Here’s How to Have The Best Week of Your Life in Tel Aviv

It’s not hard.

By Chanel Dror
a guide to tel aviv

Writing a comprehensive guide to Tel Aviv is like writing a comprehensive guide to New York City. It’s simply not possible to list every hole-in-the-wall falafel joint and neighborhood cafe worthy of a visit. Instead, a few of the restaurants and bars that made my most recent trip to my beloved city on the sea extra special, and some of the attractions that are repeat musts every year. Consider this a launchpad for your Tel Aviv adventures. A very limited — yet excellently curated — place to begin your discovery of this little slice of heaven.

photos by Chanel Dror


Port Said has the atmosphere  of an East Austin hipster bar, but with food on the level of New  Orleans’ Shaya. Enjoy the incredible amazing Israeli dishes shoulder-to-shoulder with strangers at the table over.

Manta Ray. It’s been credited as having the  best breakfast in Tel Aviv, which is saying a lot in a country whose biggest contribution to the culinary world is The Israeli Breakfast.

Calypso Beach Club. A delicious place to eat breakfast on the beach before staking out a lounger for the rest of the morning.

Shuk HaCarmel. This Tel Aviv market is the city’s most famous place to shop, but it’s also an amazing place to taste to incredible street food.

Yom Tov Cafe. If you’ve managed to resist the shuk’s tempting offerings, this cafe is just around the corner. It’s the perfect place to soak in some air conditioning, have a beer or coffee, and eat some amazing snacks.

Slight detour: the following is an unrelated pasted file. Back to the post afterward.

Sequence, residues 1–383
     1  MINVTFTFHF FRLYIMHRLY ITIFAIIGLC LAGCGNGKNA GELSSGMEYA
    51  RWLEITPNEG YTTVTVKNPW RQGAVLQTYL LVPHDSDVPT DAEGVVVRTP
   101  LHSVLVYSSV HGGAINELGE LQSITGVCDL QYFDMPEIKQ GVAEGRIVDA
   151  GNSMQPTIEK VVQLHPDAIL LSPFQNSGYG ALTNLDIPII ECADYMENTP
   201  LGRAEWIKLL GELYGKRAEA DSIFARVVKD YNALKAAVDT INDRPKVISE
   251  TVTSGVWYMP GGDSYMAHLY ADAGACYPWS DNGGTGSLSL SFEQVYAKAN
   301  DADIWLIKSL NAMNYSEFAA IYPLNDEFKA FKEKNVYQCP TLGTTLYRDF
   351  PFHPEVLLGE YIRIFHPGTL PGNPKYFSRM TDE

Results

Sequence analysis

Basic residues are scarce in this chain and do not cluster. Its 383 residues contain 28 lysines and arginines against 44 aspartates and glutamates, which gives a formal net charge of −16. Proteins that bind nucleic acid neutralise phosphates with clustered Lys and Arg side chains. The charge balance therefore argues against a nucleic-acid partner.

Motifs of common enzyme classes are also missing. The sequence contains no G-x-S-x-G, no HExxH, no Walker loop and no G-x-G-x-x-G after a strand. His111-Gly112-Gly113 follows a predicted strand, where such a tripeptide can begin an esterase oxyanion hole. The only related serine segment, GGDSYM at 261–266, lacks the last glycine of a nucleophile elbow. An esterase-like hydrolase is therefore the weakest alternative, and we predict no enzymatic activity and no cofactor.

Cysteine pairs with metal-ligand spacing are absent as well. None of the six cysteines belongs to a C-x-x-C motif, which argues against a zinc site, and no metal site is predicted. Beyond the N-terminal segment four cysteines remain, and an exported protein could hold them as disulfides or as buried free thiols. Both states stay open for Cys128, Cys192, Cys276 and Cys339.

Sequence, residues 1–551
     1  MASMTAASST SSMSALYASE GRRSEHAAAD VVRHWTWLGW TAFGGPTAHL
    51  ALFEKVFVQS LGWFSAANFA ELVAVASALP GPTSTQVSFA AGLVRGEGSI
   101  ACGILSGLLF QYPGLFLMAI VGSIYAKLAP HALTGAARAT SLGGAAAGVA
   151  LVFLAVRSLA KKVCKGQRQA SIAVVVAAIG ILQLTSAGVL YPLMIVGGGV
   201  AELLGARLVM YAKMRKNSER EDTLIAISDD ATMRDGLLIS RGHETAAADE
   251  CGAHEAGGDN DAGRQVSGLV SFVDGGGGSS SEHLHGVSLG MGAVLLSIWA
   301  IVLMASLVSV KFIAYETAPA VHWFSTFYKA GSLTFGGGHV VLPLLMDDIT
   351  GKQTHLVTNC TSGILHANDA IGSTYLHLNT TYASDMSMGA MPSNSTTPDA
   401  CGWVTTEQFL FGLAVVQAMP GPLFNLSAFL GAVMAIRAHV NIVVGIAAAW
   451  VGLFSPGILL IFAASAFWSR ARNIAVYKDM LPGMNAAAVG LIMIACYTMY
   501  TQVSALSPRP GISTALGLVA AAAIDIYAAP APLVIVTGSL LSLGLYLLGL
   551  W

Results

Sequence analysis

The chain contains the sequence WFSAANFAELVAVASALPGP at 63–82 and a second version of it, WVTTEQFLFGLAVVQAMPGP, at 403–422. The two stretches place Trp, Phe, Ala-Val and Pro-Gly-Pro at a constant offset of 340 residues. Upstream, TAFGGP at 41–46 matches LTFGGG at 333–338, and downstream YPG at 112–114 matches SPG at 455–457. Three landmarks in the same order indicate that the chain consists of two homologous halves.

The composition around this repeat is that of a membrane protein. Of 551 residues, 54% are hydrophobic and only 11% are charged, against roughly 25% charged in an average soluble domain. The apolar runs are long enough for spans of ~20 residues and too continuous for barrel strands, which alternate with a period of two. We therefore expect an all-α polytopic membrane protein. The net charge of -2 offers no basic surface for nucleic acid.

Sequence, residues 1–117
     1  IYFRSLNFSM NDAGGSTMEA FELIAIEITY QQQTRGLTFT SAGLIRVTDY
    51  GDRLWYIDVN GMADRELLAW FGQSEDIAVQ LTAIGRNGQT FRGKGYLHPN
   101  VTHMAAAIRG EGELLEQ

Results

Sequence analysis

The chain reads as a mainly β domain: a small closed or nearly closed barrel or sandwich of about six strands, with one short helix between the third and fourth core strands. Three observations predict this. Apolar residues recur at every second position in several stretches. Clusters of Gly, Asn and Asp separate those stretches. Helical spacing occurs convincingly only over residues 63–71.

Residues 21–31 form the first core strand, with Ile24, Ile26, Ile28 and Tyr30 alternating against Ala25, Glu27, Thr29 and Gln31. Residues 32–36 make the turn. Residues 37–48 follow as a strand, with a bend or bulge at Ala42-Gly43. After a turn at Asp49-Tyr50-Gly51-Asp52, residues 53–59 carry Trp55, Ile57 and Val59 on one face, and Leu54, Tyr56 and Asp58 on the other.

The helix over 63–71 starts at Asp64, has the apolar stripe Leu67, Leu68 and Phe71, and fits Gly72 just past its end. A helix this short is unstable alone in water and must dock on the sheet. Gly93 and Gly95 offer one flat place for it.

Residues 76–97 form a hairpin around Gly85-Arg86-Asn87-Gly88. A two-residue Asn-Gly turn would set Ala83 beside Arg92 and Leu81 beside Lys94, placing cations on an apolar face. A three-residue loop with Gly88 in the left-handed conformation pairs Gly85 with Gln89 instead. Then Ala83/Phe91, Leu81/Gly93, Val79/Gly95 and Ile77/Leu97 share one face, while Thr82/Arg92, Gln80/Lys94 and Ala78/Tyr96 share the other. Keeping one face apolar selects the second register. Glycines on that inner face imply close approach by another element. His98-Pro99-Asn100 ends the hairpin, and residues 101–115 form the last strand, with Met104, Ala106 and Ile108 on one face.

Saluf and Sons. Yemenite cuisine is inherently delicious, but Saluf and Sons has perfected it. I regret not making it there on this trip, but have vowed to make it my first stop next summer!

Puaa. The kind of place where you’re overcome with indecisiveness. Everything on the menu sounds like exactly what you’re in the mood for, and the decor is a kitschy reflection of the Jaffa Market in which this restaurant is  located.


Cafe Levinsky. A must-try mid day stop for fragrant, refreshing handmade sodas.

Kuli Alma. This casual bar’s got good music and an exotic, laid back vibe.

Speakeasy. Cosmopolitan rooftop vibes on one of Tel Aviv’s buzziest streets.

Jimmy Who. A lively lounge directly under Speakeasy.

Veranda. This beachside lounge is my new favorite place to watch the sun set in Tel Aviv.


Shuk HaCarmel (Carmel Market). Your one stop shop for souvenirs, fresh produce, amazing cheeses and so much more. A Tel Aviv must.

Shuk HaPishpeshim (Jaffa Market). From the flea market to high end boutiques, shopping in this area of the historic neighborhood of Jaffa is a full day affair.

Neve Tsedek. A gorgeous area to stroll, shop and dine.


The Tayelet (Tel Aviv Promenade). This boardwalk is Tel Aviv’s postcard moment. Ride bikes down The Tayelet with the Mediterranean Sea as your backdrop, or take the steps down to Gordon Beach or Frishman Beach.

Jerusalem (Day Trip). The holiest city in the world needs no introduction, and is deserving of more than just a few hours of time on your first trip to Israel. However, if you identify a few key sites you’d like to visit, driving to Jerusalem and back in a day is totally doable.

The Dead Sea (Day Trip). No trip to Israel is complete without a visit to The Dead Sea. We had a great experience at this place.